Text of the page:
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This week, workers and researchers from UW-Madison completed what may have been the most challenging construction job in the university's history, 8,000 feet deep in the ice under the South Pole.

They buried the last of 86 strings of detectors that are the heart of a massive scientific instrument called IceCube.

It is the world's largest neutrino detector, under construction since 2004 and designed to capture data on the high-energy particles from deep space as they zip through the crystalline Antarctic ice and collide with the atomic nuclei of frozen water.

Studying those particles may give us a new understanding of everything from black holes, exploding stars and dark matter, to the origin of the universe in the Big Bang.

Francis Halzen, the principal scientific investigator of the $272 million project, can talk forever about the potential mysteries that IceCube is likely to help solve. But last Monday he was more like a teenager on Facebook, sitting in IceCube's Madison office and intently watching a live video feed from the South Pole as workers guided the 83rd string of basketball-size detectors into the ice. 

That left three strings to deploy, and the last of those was lowered into its frigid, 8,000-foot-deep resting place Saturday, Halzen said.

He said the milestone is deeply satisfying but also "a huge relief."

"If you would have told me in January 2005 when we deployed the first string that in 2010 we would be installing the last, all without mishap, I would have said that's impossible," Halzen said.

Considering the conditions, mishaps seemed almost a certainty. 

The construction season at the South Pole is just three months long during the Southern Hemisphere's summer, which is opposite of ours. 

The average summer temperature? Minus 18.

Plus, the workers toil at 10,000 feet above sea level, which makes walking more difficult, let alone wrestling around heavy cables, pipes and other equipment.

Another challenge is the bone-dry air, which causes the ends of fingers to split and bleed. 

One of the staples in work crew pockets is Super Glue, used to seal and treat those painful wounds.

Karl A. Erb, the director of the National Science Foundation's Office of Polar Programs, praised the researchers and workers who built the unique detector under such difficult conditions. 

Most of the money for the project came from the National Science Foundation. 

In addition to Wisconsin, workers from Germany, Belgium and Sweden helped build the detector, and the study of data from the instrument will involve more than 250 scientists from 36 institutions in the U.S. and around the world.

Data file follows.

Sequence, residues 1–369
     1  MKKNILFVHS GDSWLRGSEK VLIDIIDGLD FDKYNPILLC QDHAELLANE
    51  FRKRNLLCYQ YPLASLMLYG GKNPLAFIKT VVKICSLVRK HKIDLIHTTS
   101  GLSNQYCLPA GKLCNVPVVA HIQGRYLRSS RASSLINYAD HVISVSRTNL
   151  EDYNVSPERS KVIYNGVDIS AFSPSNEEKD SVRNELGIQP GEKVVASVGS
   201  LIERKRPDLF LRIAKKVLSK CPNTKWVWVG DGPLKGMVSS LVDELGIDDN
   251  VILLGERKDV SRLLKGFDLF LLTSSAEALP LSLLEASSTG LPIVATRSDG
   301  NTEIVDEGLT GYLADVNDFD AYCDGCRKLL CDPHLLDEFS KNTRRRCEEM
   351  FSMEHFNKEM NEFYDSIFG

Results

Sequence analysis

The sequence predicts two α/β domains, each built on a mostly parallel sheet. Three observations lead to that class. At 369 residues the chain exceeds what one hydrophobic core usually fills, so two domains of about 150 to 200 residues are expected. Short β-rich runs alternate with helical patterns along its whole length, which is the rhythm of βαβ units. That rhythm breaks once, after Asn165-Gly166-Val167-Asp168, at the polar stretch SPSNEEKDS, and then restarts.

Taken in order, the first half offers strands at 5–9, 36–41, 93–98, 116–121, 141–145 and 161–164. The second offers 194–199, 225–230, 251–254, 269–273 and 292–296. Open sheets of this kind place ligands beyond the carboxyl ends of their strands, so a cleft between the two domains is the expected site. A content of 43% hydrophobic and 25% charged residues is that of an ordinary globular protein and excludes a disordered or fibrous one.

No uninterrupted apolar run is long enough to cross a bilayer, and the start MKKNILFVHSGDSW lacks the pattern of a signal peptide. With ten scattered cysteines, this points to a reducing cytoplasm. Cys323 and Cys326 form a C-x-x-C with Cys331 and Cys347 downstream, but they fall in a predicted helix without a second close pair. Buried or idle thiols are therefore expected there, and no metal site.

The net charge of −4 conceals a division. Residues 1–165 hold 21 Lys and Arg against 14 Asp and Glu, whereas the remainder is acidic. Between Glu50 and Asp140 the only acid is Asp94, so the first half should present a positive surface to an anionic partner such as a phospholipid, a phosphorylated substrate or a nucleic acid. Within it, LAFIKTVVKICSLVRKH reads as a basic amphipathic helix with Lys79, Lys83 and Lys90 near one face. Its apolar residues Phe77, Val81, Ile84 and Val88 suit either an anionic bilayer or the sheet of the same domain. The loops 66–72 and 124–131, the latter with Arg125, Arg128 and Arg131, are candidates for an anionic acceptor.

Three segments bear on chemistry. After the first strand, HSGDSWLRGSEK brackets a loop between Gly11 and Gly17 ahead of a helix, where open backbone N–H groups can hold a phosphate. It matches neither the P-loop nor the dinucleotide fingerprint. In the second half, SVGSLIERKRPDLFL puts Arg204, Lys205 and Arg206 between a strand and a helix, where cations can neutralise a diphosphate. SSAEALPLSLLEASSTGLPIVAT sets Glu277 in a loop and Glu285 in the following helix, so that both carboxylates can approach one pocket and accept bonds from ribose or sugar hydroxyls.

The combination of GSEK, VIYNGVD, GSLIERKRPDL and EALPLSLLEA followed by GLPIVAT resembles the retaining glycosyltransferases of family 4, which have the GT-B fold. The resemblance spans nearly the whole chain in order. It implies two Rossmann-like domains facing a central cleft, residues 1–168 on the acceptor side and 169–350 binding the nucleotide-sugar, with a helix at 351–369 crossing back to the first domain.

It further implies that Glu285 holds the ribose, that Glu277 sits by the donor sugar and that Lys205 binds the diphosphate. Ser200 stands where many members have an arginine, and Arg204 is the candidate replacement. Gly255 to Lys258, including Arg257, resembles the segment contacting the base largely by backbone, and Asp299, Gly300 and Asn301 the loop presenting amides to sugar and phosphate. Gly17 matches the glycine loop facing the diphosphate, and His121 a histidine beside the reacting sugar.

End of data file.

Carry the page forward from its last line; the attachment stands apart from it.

Halzen said IceCube already has been generating data. High-energy neutrinos are much sought after by scientists because they have almost no mass and pass through objects, whether a planet or a person, almost unchanged from what they were like when they originated in, say, a black hole. 

But in the massive and icy trap of IceCube, some neutrinos will collide with atoms of ice and eject another particle called a muon traveling in the same direction as the neutrino. 

>The muon, however, will leave a trail of blue light, which IceCube's strings of sensors will be able to detect from almost a football field away.

By tracing the path of that flash of light backward, scientists will be able to determine the origin of the neutrino and unlock a wealth of information about the particle.

Halzen said the instrument must be calibrated before it can work at full capacity. That involves studying the passage of other particles through the ice to understand better the flaws and quirks of the ice, what Halzen calls the "optics" of the ice. 

Such detail will help the scientists more accurately understand and interpret the neutrino data when it starts flowing more regularly. 

The detector was built at the South Pole because of the clarity of the ice there.

Already, Halzen said, the study of the ice has revealed new scientific knowledge unrelated to the neutrino research.

The ice at the bottom of the 8,000-foot holes holding the sensors is 100,000 years old.

From material trapped in the ice, researchers have been able to document the eruption of Antarctic volcanoes that exploded 10,000 years ago.

Such intriguing finds, Halzen said, only hint at what secrets will be revealed when study turns from terrestrial science to the exploration of deep space. 

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